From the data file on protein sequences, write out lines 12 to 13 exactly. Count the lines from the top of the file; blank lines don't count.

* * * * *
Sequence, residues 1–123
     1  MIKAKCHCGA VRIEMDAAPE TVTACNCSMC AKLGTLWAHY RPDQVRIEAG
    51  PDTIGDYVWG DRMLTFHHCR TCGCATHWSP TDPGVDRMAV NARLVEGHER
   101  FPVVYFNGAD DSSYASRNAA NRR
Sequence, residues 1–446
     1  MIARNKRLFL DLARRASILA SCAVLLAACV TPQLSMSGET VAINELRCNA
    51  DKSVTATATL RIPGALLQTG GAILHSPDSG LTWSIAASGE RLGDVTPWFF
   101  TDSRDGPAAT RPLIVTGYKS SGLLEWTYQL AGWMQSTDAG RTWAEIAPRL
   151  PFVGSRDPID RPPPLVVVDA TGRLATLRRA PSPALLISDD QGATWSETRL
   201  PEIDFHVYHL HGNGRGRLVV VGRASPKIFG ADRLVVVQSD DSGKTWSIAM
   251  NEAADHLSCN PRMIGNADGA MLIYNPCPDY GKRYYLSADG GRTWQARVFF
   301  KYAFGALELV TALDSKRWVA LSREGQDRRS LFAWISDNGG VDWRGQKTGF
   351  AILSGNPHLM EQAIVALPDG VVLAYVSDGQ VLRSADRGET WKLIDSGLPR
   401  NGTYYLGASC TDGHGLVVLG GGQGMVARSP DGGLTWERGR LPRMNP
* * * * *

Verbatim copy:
   301  KYAFGALELV TALDSKRWVA LSREGQDRRS LFAWISDNGG VDWRGQKTGF
   351  AILSGNPHLM EQAIVALPDG VVLAYVSDGQ VLRSADRGET WKLIDSGLPR